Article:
Sunday, April 24, 2005

Duck and Pilot

This weekend is my last one in Seoul. Yesterday SY took me to the local department store for some gift shopping. While there, I rememered that I needed some cheese and milk. I have been to this department store many times, and was shocked to learn that there is a fill size grocery store tucked away, and I have never seen it! So shopping completed, but dinner plans were changed because my friend CH was sick. So we decided to go eat at a "special place" instead of cooking in.

SY tried to explain this place, she kept pointing to a plastic bag and saying "poly". When I figured out what she meant, I thought she was indicating that the food was somehow cooked in plastic bags!!! (well, I am not completely crazy - I think in America you can still buy rice that cooks in a plastic bag). No, that was not it - she means that the restaurant itself is like a big poly bag. I was thinking one of the "tent" places like we visited at the seashore, but that was not right, either. She then starts to talk about farms, and growing plants when the weather is too cold.... Finally I understand - we are going to eat in a GREENHOUSE. One of SY's friends HR joined us, and we headed to the "country" for dinner.

My Korean friends have told me that many excellent restaurants in Korea will have great tasting foods and big crowds, but they don't pay attention to the decor. I have seen several examples of this phenomenon, but last night's greenhouse eatery has to be the ultimate example of this trend! It was located surprisingly nearby, considering it was essentially a hut out in the middle of a farm. The road to reach the place was dirt and had so many potholes it was like swiss cheese - I thought SY's new car was going to come apart. We parked and had about a 15 minute wait - this place was PACKED! The guests were not limited to any particular group - there were babies to old folks, women, men, friends, families, couples. This place seemed to attract everyone equally.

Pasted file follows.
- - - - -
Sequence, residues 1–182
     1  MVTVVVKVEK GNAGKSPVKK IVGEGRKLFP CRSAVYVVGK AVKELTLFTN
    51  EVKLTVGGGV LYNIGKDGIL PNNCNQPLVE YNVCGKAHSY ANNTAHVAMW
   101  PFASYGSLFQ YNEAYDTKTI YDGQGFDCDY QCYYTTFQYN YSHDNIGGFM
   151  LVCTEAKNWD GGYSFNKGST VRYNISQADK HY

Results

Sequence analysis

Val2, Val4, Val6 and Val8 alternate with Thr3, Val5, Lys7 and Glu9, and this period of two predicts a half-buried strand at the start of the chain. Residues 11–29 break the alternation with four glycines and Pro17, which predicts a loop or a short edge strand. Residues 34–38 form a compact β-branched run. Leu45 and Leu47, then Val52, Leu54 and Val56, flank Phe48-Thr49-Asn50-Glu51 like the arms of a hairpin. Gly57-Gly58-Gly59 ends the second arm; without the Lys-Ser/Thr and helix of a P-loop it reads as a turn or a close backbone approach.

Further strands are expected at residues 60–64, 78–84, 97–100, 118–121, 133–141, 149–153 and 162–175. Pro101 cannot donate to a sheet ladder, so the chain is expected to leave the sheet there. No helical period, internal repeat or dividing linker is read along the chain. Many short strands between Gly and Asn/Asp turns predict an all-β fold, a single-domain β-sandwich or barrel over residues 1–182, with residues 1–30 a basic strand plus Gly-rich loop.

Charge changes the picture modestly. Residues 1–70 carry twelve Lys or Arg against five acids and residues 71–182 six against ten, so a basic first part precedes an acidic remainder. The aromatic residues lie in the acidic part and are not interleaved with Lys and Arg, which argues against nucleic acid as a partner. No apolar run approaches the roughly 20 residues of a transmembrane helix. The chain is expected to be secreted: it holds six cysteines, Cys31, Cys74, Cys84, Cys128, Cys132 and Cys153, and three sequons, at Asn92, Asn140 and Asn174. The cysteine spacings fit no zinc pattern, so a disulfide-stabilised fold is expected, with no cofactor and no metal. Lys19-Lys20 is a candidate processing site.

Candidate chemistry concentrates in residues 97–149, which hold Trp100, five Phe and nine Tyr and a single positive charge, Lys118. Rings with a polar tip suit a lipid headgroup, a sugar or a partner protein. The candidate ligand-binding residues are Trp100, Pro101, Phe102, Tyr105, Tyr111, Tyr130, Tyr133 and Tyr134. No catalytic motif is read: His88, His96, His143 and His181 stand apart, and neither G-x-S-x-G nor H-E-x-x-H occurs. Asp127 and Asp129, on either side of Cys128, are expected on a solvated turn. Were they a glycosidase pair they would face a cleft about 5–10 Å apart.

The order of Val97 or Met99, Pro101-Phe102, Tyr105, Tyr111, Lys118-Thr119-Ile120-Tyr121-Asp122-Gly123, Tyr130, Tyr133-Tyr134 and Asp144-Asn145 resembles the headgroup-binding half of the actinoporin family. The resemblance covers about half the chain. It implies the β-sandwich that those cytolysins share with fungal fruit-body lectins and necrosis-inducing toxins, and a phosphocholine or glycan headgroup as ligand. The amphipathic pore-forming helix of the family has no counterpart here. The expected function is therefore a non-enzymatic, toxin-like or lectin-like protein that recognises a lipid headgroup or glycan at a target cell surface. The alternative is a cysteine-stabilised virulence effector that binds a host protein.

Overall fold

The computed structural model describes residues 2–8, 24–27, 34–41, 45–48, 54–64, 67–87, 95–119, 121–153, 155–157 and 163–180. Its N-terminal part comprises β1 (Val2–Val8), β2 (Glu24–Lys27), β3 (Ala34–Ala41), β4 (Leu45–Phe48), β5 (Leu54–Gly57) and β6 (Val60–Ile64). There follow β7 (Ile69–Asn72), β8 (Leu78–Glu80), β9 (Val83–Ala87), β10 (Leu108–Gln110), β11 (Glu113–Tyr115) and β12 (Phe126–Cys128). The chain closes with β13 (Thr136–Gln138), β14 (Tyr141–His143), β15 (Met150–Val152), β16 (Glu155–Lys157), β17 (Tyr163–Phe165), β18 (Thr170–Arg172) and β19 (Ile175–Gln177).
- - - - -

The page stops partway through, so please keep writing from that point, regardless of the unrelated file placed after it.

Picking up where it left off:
Inside the greenhouse, there was a dirt floor. Each "table" was simply a steel grill set into the ground, surrounded by some plastic foot stools. There were two small side tables to put your drink, bowl, kimchi, etc. The main course (and only course available as far as I could tell) was duck. The Korean name for this dish is Duck Bulgogi. Basically it was duck meat, some potatoes, onions, and leeks (maybe the vegetable also translates as Welsh Onions?) in a red pepper broth. It reminded me of Kamjatang taste, but much better. It was spicy, but not too much so for my new Korean taste. Just right. After the duck dish is finished, they bring a bowl of rice with some vegetables and make some fried rice in the pan using the remaining broth from the duck dish. That was some of the best tasting fried rice I have eaten.


Duck Place - View 1 Posted by Hello



Duck Place - Truly "In a Farm" Posted by Hello



Duck Place - Another View, Note the Luxurious Bathrooms (and The Stumbler's Shadow) Posted by Hello



Duck Place - The "Fireman" Prepares the Charcoal Posted by Hello



Duck Bulgogi - Before Cooking (No After Photo - Too Busy Eating) Posted by Hello



Duck Place - Inside View Posted by Hello



After eating duck, they dropped me off at Jazz bar, because SY had to do some serious studying. This week she has exams at school. Even though the night was cool, I was sweating from the spiciness of the food. I first went to the bathroom and took off my tee-shirt. As I was standing by the sink, with my pants unbuckled and tucking in my shirt, a man came into the bathroom and saw me. He started telling me "NO NO NO...", and I was surprised and confused. Finally we both realized the problem - he thought I was about to "use" the sink instead of the toilet! We both got a chuckle and went on our way - me much cooler now without the tee-shirt.

I had two beers at the bar, listened to the singer, and was about to leave when the waiter comes to me and has a special request from the man owner of the bar! There are three men guests who speak english and have seen me in the bar before, and want me to join them. Sounds fun, so I go sit with them. One is a Korean Airlines pilot, and the other two are CEO and VP of a Korean steel company. We have a good time talking about Korea, America, and airplanes (funny... no steel talk). The pilot gave me his namecard, and insisted that when I come back to Korea I call him, and he and his family will take me to dinner. This is a good example of the friendliness of the Korean people I have met.

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